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Immune cells assemble – boosting the effects of chemotherapy in pancreatic cancer

9th July 2021

A new study from Barts Cancer Institute, Queen Mary University of London, has demonstrated that immune cells can be stimulated to assemble into special structures within pancreatic cancer such that, at least in a pre-clinical model, researchers can demonstrate an improvement in the efficacy of chemotherapy.

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Doctoral training programme secures future investment from MRC

8th July 2021

A partnership between Queen Mary University of London and the University of Southampton has successfully bid for 45 studentships from the Medical Research Council (MRC), part of UK Research and Innovation (UKRI).

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Study identifies biomarker that could help to diagnose pancreatic cancer

29th June 2021

Researchers from Barts Cancer Institute, Queen Mary University of London, have identified a protein that could be used to aid in the diagnosis of pancreatic cancer. Findings from the new study suggest that a protein called pentraxin 3 may be a specific diagnostic biomarker – or biological measure – for pancreatic cancer, with the ability to differentiate pancreatic cancer from other non-cancerous conditions of the pancreas.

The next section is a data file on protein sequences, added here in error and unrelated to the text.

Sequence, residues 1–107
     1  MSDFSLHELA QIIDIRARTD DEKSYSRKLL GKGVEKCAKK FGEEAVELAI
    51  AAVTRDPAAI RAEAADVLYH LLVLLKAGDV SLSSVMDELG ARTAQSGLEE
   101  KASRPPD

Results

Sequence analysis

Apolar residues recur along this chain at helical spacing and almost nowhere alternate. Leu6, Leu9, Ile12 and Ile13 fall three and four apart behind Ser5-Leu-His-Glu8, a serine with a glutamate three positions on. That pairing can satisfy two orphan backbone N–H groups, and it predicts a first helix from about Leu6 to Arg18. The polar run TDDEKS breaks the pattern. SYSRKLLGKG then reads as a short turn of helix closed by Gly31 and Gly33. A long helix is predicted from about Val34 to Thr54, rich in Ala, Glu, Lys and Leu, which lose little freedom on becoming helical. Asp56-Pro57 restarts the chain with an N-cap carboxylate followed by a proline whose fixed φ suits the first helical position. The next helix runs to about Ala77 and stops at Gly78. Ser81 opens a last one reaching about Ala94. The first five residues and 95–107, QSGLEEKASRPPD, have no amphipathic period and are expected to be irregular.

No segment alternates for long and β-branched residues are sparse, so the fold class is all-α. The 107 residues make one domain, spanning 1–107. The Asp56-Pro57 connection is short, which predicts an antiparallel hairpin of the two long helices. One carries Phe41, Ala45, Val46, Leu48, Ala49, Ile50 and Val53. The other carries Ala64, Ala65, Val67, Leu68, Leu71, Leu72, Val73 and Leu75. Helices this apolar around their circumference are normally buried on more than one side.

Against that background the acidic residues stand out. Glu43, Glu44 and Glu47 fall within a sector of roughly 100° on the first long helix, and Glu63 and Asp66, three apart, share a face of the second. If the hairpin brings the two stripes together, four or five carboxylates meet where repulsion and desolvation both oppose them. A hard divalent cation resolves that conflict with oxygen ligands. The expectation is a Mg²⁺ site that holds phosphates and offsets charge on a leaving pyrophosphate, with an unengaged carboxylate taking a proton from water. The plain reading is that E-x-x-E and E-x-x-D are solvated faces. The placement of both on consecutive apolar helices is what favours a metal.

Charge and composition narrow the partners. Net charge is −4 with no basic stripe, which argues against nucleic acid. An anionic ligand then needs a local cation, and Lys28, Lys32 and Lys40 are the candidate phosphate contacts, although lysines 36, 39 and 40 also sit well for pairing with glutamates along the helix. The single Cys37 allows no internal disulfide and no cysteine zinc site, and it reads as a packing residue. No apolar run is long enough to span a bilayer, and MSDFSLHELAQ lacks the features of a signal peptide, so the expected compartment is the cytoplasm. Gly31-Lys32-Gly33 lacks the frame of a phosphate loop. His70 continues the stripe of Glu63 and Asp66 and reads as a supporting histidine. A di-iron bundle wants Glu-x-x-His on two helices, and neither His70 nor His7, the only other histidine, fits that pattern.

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BCI researcher part of team shortlisted for Cancer Grand Challenges awards

23rd June 2021

Dr Benjamin Werner from Barts Cancer Institute, Queen Mary University of London, is part of an international team that has been selected to share its ideas on how to solve one of cancer’s toughest challenges.

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BCI academic receives prestigious science learning award

17th June 2021

Congratulations to Professor Fran Balkwill from Barts Cancer Institute, Queen Mary University of London, who has been announced as the 2021 winner of the Beetlestone Award, which recognises leadership and legacy in the field of informal science learning.

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Study suggests blood test could guide precision treatment in bladder cancer

16th June 2021

A blood test that can detect tiny amounts of circulating cancer DNA may be able to identify risk of cancer recurrence and guide precision treatment in bladder cancer following surgery, according to a clinical study led by Professor Tom Powles from Barts Cancer Institute at Queen Mary University of London and Barts Health NHS Trust. The findings from the study, published today in Nature, may change our understanding of cancer care following surgery.

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